| Read Time: 3 minutes | Dangerous Drugs

Bloomberg Business: The FDA Recall System is Voluntary and Broken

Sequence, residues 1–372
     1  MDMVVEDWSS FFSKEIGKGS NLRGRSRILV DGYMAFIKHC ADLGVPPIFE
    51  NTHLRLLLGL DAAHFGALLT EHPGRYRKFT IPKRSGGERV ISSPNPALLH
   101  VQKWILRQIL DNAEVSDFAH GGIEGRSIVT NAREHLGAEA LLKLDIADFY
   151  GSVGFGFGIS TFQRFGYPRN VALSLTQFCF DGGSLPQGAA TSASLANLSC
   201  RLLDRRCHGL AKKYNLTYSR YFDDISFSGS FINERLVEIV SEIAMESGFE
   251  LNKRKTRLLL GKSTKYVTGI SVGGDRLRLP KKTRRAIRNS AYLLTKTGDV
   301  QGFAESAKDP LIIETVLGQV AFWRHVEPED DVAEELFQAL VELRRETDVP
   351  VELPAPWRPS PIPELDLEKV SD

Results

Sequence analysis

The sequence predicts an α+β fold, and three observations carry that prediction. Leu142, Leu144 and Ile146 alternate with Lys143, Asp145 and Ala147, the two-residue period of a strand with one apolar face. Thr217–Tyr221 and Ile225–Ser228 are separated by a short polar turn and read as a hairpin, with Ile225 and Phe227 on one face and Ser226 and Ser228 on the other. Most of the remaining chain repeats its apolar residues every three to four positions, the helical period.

Bloomberg Business recently published a comprehensive look at how patients suffer when drug manufacturers and regulators fail to protect them and effectively recall dangerous drugs from their medicine cabinets. For the past 25 years, the experienced drug injury lawyers at Cory Watson have helped thousands of victims hurt because of dangerous medical devices and unsafe drugs released without accurate testing. “If you think the FDA is a true watchdog over the safety of drugs put into the marketplace, you are wrong,” said Ernest Cory, managing shareholder of Cory Watson Attorneys. “The FDA only gets what the drug manufacturer wants them to see. And too often, they don’t get the whole story until the product has come onto the marketplace and injured many victims.” Contact us today for a free, confidential case review – Call (877) 562-0000 now or fill out the online consultation form on this page. Zantac Recalled for Carcinogen Contamination In September 2019, the U.S. Food and Drug Administration received a 19-page document with startling claims about a popular medicine. Researchers at Valisure, a Connecticut lab that tests prescription drugs, found extremely high levels of a probable human carcinogen in the antacid ranitidine, best known under the brand name Zantac. Millions of people around the world use ranitidine; it’s available both with a prescription and over the counter. As for the carcinogen, NDMA, the FDA knew it well: For more than a year, the agency had been recalling batches of the blood pressure medication Valsartan contaminated with it. The FDA issued an alert that seemed to downplay the lab’s findings. The agency said it had learned that some ranitidine medicines contained low levels of NDMA, but it wasn’t advising people to stop taking the drug. Those with prescriptions could contact their doctors — if they were worried — and everyone else could consider alternatives on drugstore shelves. However, high levels of NDMA were found in every version of ranitidine tested, and labs concluded the problem was inherent to the molecule itself. In other words, there is no safe version of ranitidine. The FDA’s Limited Authority Over Recalls By mid-October, a month after the FDA’s alert, at least two dozen countries had pulled ranitidine from stores or halted its distribution. Numerous companies acted on their own to slow or stop the supply of the drug. The FDA continued to conduct tests. 43 jurisdictions and governments around the world took action before the United States did. Finally, on November 1, the agency announced that it had found higher-than-acceptable levels of NDMA in some ranitidine. The FDA then asked manufacturers to voluntarily recall some of the Zantac on the market. When the FDA finds that a drug’s quality is compromised, recalls are supposed to reverse the supply chain and remove the affected product from warehouses, pharmacy shelves, and patients’ medicine cabinets. But the agency’s authority over this system is limited. It can only request a pullback – the manufacturers can say no, and they often refuse. The FDA can’t contact patients directly; it relies on pharmacies for that. It also doesn’t control how the recall is conducted or how its effectiveness is assessed. A probable carcinogen in a medication taken by millions of people, manufactured in a factory that the FDA knew had problems, is a crisis for the agency. An effective recall system is crucial to prevent further injuries. How Do You Stop Taking a Recalled Medication If You Don’t Know It’s Been Recalled? Patients using Valsartan and Zantac were supposed to be notified by their pharmacies that their drugs could be dangerous. Those notifications didn’t always happen. Old mailing addresses, a switch in pharmacies or the use of more than one, and failure to distinguish a recall letter from junk mail can all interfere with alerting patients to dangerous drugs. There are also gaps in the flow of information, especially when drugs are recalled in batches identified by manufacturers’ lot numbers, as is common practice. Meanwhile, the number of anxious patients mounts. The failure of that system can be seen in the client base of plaintiffs’ attorney Ernest Cory of Cory Watson, a firm representing hundreds of people who took the potentially-tainted drugs. Many of his clients hadn’t been warned of the FDA recall, and only found out on through the news, social media, or through attorney advertising. Don’t Sit On Your Rights The experienced drug injury attorneys at Cory Watson are evaluating the claims of hundreds of people with cancer – liver, stomach, intestinal, colon, pancreatic, or kidney – who took these drugs. Hundreds of lawsuits have been filed against Valsartan and Zantac drug manufacturers involved in the recalls. If you or a loved one developed cancer after taking these drugs, call today for your FREE case evaluation. Call (877) 562-0000 or fill out the online case consultation form on this page.